Oh, I should note Steven did the CSS and I just cleaned up the patch. I'm even going to steal the screenshot he made! :)
Comment on attachment 494282 [details] [diff] [review] Patch v.1 This doesn't seem to perform much better. I'm still seeing a significant delay before the prompts display and when switching to a tab with a prompt.
(In reply to comment #38) > This doesn't seem to perform much better. I'm still seeing a significant delay > before the prompts display and when switching to a tab with a prompt. Is it the loading of the effects.svg file itself that causes all of this delay? (Thus, any effect rendered from svg filters will have this?)
To continue comment 39, if it is the SVG itself that's the slowdown here, is there a way to speed the needed SVG up fundamentally? (existing bug even?)
No, it sounds like, and ought to be, that it's the painting that's slow (not loading of the SVG file). As far as making it faster: (1) profile to see if there's anything unexpected going on (2) hardware acceleration of some SVG filters might be a possibility, but I suspect (although it's really not my area) that it's probably a ways off and a good bit of work.
Would fixing bug 595671 help here?
I dont know if this is related to the blur, but for me it has a huge lag till a dialog is shown (>2 sec.) and then another huge lag and sometimes a hang of the browser (>10 sec.) until firefox handles any new input. Wanted to profile it with the debug build on Windows 7, but I can't run them because of an incorrect side-by-side configuration. Already installed MSVC++ 2005 Express and MSVC++ 2010 Express but none of them helped. :(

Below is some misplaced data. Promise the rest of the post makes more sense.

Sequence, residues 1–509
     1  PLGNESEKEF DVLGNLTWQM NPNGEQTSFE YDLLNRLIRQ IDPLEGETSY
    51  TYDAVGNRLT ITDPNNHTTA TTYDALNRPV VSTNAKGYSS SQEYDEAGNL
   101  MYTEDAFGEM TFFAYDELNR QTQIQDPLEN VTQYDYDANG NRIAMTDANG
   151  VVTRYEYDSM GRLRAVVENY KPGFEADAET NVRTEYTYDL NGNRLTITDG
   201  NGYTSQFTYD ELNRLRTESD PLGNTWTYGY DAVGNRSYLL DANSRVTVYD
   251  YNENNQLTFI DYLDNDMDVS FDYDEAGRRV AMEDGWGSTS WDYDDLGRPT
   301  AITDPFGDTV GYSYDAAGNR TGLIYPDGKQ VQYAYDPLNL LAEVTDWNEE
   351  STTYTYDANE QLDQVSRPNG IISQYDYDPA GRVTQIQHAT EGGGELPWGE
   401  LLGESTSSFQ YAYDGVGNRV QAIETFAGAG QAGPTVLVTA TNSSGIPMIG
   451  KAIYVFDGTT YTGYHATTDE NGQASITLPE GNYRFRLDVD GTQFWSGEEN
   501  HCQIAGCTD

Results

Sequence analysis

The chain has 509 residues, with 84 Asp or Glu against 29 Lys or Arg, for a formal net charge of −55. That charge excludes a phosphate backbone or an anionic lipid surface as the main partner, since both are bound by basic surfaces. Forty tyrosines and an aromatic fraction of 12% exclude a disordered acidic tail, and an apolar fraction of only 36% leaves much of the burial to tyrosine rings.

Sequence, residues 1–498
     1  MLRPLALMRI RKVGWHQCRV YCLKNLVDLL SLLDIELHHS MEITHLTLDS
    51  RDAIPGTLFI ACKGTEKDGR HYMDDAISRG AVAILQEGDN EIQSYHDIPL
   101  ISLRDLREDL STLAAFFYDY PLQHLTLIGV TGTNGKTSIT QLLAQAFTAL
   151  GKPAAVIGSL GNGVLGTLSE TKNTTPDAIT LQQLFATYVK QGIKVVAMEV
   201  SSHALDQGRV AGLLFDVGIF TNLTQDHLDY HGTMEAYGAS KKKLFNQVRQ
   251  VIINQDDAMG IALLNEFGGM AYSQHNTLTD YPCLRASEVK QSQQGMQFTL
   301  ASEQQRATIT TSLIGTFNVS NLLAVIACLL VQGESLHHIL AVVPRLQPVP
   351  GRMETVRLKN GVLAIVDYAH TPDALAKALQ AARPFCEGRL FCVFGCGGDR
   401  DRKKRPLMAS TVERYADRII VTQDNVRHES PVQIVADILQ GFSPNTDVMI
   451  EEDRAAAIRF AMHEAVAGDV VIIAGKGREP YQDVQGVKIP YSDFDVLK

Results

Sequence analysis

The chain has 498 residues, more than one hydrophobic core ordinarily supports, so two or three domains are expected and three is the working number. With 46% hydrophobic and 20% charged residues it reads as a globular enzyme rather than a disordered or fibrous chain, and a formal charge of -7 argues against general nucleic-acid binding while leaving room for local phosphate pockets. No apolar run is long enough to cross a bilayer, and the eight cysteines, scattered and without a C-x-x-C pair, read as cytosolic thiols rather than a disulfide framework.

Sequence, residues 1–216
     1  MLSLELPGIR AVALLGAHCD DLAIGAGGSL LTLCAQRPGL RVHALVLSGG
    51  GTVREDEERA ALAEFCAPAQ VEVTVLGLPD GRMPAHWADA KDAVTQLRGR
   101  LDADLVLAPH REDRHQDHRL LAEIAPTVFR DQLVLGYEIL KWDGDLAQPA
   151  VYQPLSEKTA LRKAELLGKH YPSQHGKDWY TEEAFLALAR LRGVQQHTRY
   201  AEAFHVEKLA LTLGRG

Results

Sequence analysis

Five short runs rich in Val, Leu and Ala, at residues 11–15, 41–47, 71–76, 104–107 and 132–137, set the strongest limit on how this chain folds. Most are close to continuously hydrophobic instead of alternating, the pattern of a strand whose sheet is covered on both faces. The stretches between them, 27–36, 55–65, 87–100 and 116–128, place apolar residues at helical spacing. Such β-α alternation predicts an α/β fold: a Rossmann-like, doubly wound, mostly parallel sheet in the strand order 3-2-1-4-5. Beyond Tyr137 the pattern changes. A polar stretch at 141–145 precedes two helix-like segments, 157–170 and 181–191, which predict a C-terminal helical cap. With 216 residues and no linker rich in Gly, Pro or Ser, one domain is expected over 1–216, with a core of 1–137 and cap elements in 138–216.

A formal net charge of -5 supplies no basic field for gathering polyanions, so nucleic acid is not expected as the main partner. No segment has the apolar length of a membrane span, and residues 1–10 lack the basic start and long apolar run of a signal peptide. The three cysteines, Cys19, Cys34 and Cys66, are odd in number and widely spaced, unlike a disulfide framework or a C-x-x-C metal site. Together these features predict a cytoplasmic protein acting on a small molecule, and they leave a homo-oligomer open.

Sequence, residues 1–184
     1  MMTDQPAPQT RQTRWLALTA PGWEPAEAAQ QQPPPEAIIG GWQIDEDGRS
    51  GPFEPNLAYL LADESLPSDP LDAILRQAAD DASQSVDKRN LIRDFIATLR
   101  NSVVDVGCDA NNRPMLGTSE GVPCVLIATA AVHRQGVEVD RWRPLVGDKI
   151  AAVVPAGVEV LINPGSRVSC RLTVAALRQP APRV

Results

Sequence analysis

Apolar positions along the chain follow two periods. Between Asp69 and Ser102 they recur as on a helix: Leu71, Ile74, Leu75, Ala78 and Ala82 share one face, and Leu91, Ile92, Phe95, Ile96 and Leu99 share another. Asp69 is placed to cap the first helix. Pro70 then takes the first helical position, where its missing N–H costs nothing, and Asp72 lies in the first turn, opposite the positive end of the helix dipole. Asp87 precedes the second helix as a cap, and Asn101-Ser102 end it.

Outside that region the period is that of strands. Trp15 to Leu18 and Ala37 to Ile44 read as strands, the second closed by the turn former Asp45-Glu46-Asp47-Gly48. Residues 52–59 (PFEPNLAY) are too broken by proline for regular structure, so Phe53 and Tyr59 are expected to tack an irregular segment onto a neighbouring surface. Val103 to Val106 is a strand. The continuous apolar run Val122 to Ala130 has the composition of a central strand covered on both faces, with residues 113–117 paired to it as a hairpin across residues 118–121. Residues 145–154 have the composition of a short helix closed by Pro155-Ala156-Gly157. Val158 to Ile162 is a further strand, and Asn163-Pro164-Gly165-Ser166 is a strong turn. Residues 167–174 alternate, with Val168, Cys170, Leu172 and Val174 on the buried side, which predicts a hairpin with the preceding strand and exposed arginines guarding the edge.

(In reply to comment #38) > This doesn't seem to perform much better. I'm still seeing a significant delay > before the prompts display and when switching to a tab with a prompt. Is this just for the first time a prompt is shown? I still see a slight lag the first time a prompt is opened, but further prompts open instantly. Seems ok on both Windows and OS X. How about we open a bug specifically about the perf issue? I think we want to take this patch -- ideally for beta 8 -- even if it's not helping that (ie, perf wasn't the only reason for removing the blur).
Comment on attachment 494282 [details] [diff] [review] Patch v.1 I don't think the desaturation adds much to the effect, so r=me with the filter and effects.svg removed.
Attachment #494282 - Flags: review?(dao) → review+